FDA Approves First New Drug for AML Since 1990

Nick Mulcahy

April 28, 2017

The US Food and Drug Administration (FDA) today approved the kinase inhibitor midostaurin (Rydapt, Novartis), in combination with chemotherapy, for the treatment of adults with newly diagnosed acute myeloid leukemia (AML) who have the FLT3 genetic mutation.

Midostaurin is the first new drug approved for the treatment of AML since 1990.

The drug is approved for use with a companion diagnostic, the LeukoStrat CDx FLT3 Mutation Assay (Invivoscribe Technologies). The mutation is seen in 30% to 35% of patients with AML and is associated with a worse prognosis.

"Rydapt is the first targeted therapy to treat patients with AML, in combination with chemotherapy," said Richard Pazdur, MD, acting director of the Office of Hematology and Oncology Products in the FDA's Center for Drug Evaluation and Research. "The ability to detect the gene mutation with a diagnostic test means doctors can identify specific patients who may benefit from this treatment."

The safety and efficacy of midostaurin for treatment-naive patients with AML were studied in a randomized trial of 717 patients who had not been treated previously for AML, as reported by Medscape Medical News in 2015, when phase 3 clinical trial results were first reported at the annual meeting of the American Hematology Society.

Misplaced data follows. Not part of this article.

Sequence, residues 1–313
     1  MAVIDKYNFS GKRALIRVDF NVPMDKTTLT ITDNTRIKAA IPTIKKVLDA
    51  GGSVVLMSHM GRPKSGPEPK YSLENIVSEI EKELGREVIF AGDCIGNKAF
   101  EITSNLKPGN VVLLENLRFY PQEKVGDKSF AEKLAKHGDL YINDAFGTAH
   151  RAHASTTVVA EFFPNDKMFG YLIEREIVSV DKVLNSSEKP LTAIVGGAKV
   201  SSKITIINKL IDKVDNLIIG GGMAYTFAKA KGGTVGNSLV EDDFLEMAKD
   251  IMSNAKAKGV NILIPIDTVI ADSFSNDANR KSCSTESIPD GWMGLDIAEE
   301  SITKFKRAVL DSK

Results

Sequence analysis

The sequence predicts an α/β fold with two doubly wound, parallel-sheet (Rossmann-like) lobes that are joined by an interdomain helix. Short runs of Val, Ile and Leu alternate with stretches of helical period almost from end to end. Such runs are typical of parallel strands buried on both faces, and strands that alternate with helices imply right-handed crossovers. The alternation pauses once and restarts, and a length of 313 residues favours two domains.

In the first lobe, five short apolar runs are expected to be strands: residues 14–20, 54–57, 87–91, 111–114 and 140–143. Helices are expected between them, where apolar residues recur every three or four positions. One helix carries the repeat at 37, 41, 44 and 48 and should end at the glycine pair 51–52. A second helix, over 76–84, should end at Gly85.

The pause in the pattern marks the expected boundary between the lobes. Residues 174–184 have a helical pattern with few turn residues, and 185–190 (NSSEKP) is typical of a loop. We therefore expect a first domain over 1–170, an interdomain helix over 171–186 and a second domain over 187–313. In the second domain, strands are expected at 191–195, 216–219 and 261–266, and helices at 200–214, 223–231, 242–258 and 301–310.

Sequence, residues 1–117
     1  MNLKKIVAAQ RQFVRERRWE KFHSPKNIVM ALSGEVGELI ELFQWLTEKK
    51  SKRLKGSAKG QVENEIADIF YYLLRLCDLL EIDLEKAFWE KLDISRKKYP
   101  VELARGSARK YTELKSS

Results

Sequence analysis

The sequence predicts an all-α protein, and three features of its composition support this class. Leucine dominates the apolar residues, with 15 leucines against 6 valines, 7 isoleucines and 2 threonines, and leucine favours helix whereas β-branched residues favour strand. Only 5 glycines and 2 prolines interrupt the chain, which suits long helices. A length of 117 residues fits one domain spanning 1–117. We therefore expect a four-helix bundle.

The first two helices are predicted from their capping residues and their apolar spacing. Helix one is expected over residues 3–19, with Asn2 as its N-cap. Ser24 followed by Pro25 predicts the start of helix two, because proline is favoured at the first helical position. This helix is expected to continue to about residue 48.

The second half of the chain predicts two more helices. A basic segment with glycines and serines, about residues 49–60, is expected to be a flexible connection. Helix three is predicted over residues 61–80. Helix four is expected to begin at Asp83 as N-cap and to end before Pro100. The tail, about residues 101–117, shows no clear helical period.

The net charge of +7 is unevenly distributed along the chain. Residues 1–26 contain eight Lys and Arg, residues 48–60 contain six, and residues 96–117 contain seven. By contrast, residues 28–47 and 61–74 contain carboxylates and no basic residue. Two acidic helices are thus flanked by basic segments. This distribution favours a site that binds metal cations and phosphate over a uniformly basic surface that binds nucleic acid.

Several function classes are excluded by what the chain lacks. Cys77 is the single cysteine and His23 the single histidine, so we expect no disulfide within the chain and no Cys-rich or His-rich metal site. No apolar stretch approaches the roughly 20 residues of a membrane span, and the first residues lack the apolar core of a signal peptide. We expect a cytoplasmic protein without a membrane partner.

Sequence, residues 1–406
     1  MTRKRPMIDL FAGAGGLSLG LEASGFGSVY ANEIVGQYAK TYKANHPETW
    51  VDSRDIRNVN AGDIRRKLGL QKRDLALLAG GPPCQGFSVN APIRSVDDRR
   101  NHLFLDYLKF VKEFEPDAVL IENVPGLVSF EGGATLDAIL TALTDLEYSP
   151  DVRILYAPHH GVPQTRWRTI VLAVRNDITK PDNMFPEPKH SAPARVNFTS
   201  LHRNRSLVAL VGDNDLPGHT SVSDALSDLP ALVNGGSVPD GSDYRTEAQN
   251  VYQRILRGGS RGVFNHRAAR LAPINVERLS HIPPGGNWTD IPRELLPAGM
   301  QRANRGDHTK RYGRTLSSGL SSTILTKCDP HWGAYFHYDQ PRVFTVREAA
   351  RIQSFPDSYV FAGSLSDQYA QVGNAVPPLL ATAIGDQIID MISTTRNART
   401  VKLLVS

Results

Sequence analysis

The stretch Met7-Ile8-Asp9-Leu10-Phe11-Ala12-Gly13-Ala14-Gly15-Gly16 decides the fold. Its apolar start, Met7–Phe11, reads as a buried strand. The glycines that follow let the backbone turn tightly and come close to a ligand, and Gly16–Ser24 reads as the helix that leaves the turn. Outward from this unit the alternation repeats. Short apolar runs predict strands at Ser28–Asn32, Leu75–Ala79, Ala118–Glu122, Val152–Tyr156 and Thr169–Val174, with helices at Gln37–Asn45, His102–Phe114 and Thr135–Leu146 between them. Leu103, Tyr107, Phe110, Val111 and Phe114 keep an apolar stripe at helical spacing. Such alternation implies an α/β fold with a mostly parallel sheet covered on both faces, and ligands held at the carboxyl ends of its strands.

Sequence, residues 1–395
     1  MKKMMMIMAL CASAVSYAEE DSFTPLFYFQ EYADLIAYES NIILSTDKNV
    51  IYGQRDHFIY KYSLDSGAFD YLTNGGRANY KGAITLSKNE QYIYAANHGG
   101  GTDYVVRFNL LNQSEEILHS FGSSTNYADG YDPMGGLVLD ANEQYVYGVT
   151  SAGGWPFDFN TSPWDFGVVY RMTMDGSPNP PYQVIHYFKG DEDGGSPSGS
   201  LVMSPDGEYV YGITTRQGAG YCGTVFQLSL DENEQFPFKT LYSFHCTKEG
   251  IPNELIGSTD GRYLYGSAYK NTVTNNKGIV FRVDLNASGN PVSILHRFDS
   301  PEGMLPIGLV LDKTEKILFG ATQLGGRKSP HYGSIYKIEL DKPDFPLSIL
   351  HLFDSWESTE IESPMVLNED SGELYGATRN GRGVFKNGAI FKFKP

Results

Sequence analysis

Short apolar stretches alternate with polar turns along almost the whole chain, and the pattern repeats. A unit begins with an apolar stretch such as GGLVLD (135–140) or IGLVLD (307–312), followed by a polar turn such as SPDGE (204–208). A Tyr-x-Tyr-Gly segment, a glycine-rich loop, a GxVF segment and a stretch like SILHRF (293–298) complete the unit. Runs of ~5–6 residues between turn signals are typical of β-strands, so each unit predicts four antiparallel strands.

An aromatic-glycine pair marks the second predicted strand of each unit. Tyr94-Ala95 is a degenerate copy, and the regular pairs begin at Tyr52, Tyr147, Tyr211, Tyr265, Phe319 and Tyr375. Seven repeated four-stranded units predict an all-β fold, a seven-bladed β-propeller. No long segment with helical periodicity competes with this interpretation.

At the time, a number of experts called midostaurin the new standard of care for these patients.

In the trial, patients who received midostaurin in combination with chemotherapy lived longer than patients who received chemotherapy alone. However, the FDA observed that a specific median survival rate "could not be reliably estimated."

In addition, the median event-free survival rate in the midostaurin-chemotherapy group was 8.2 months vs 3 months for the chemotherapy-alone group.

The most common adverse events with midostaurin include febrile neutropenia, nausea, mucositis, vomiting, headache, petechiae, musculoskeletal pain, epistaxis, device-related infection, hyperglycemia, and upper respiratory tract infection.

Women who are pregnant or breastfeeding should not take midostaurin because it may cause harm to a developing fetus or a newborn baby. Patients who experience signs or symptoms of pulmonary toxicity should stop using midostaurin.

Midostaurin was also approved today for adults with the rare blood disorders aggressive systemic mastocytosis and systemic mastocytosis with associated hematologic neoplasm or mast cell leukemia. Common side effects of midostaurin in these patients include nausea, vomiting, diarrhea, edema, musculoskeletal pain, abdominal pain, fatigue, upper respiratory tract infection, constipation, fever, headache, and shortness of breath.

Follow Medscape senior journalist Nick Mulcahy on Twitter: @MulcahyNick

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